Trump has his base believing that video evidence of him saying something that he denies to have ever said is nothing more than librul propaganda. They are voluntary victims of gaslighting.
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Old 01-14-2020, 04:50 PM
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Hmm, does it count as a successful gaslighting if the person simply accepts the new reality rather than questioning their sanity?
I'm probably going overboard overthinking this, but I don't think the the target has to question their sanity as long as the goal of altering their reality is achieved.


Quote:
I'd think an actual gaslighter would be disappointed.
Again, I don't think that's a requirement. But Trump seems pretty happy. "Shoot a guy on 5th avenue, etc". He's pulled off a mighty gaslighting and he's pleased about it.
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Old 01-14-2020, 04:55 PM
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Originally Posted by begbert2 View Post
Hmm, does it count as a successful gaslighting if the person simply accepts the new reality rather than questioning their sanity?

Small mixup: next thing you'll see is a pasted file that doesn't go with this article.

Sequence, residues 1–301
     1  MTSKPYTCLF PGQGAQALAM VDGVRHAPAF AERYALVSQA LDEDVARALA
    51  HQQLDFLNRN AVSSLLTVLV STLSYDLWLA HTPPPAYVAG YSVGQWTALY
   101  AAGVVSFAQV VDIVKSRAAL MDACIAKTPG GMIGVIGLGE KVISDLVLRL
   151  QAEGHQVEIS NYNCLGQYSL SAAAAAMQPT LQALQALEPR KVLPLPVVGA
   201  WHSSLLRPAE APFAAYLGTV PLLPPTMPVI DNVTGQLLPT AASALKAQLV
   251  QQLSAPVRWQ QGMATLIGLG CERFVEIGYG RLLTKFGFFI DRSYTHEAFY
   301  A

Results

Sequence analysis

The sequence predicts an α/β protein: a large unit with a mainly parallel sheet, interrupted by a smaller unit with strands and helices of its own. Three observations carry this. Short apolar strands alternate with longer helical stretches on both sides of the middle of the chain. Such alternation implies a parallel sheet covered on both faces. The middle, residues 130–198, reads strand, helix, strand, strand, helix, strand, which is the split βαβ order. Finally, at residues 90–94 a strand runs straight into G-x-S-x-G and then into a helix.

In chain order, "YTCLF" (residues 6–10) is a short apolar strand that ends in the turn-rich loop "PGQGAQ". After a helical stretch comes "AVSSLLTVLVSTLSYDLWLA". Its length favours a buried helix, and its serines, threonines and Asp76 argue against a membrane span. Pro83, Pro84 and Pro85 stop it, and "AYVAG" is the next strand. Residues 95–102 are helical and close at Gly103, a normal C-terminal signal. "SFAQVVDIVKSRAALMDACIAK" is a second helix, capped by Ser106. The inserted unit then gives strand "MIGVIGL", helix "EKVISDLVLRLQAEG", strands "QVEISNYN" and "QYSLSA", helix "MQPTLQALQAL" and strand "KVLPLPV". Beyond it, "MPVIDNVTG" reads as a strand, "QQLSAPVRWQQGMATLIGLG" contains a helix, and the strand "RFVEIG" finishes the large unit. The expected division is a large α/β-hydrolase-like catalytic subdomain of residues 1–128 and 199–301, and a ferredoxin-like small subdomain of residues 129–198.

"Oh, you say the lights have always been this dim? Okay! So, what's for dinner?"

I'd think an actual gaslighter would be disappointed.
It's too late for them; they've already been brainwashed.
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Old 01-14-2020, 11:04 PM
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Gaslighting is more than lying. It has been a long time since I saw the movie on which the word is based, but the villain (Charles Boyer) engages in a systematic campaign to make his wife (Ingrid Bergman) question her own judgment and eventually her own sanity.

With the help of their housekeeper, Boyer engages in an escalating series of dirty tricks to make Bergman believe that she is losing her mind. It's a steady stream of little things. She straightens a picture, leaves the room, and when she returns the picture is crooked again. He's in the room (surprise!) and tells her the picture was crooked when he entered the room and she couldn't have possibly straightened it. He straightens the picture for her and it stays straight.

He has the housekeeper help Bergman to bed and give her a sedative.

Bergman can't find her purse, which she always puts in the bureau. She's distraught and leaves the room to ask her husband if he has seen the purse. Of course not! Let's check again. They go back to the bedroom and the purse is in the bureau.

Back to bed she goes with another sedative.

Boyer ostensibly goes to work at night. He leaves the house and she can hear his footsteps as he walks down the sidewalk. Shortly thereafter, the gaslight in her room flickers as the gas is being diverted elsewhere. She thinks it's her imagination and she has learned that she can't trust her judgment. This happens a number of times shortly after her husband leaves for "work" in the evening.